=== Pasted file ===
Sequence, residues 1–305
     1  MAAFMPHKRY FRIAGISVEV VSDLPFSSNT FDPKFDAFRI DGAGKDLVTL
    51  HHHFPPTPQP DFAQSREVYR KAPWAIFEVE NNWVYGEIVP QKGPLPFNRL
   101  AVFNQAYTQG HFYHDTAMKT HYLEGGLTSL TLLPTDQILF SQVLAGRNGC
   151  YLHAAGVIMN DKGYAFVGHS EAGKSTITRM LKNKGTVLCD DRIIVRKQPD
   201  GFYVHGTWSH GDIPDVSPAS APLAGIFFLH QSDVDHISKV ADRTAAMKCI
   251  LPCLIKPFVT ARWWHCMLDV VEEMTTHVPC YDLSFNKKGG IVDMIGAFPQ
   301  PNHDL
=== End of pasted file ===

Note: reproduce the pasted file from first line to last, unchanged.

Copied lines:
Sequence, residues 1–305
     1  MAAFMPHKRY FRIAGISVEV VSDLPFSSNT FDPKFDAFRI DGAGKDLVTL
    51  HHHFPPTPQP DFAQSREVYR KAPWAIFEVE NNWVYGEIVP QKGPLPFNRL
   101  AVFNQAYTQG HFYHDTAMKT HYLEGGLTSL TLLPTDQILF SQVLAGRNGC
   151  YLHAAGVIMN DKGYAFVGHS EAGKSTITRM LKNKGTVLCD DRIIVRKQPD
   201  GFYVHGTWSH GDIPDVSPAS APLAGIFFLH QSDVDHISKV ADRTAAMKCI
   251  LPCLIKPFVT ARWWHCMLDV VEEMTTHVPC YDLSFNKKGG IVDMIGAFPQ
   301  PNHDL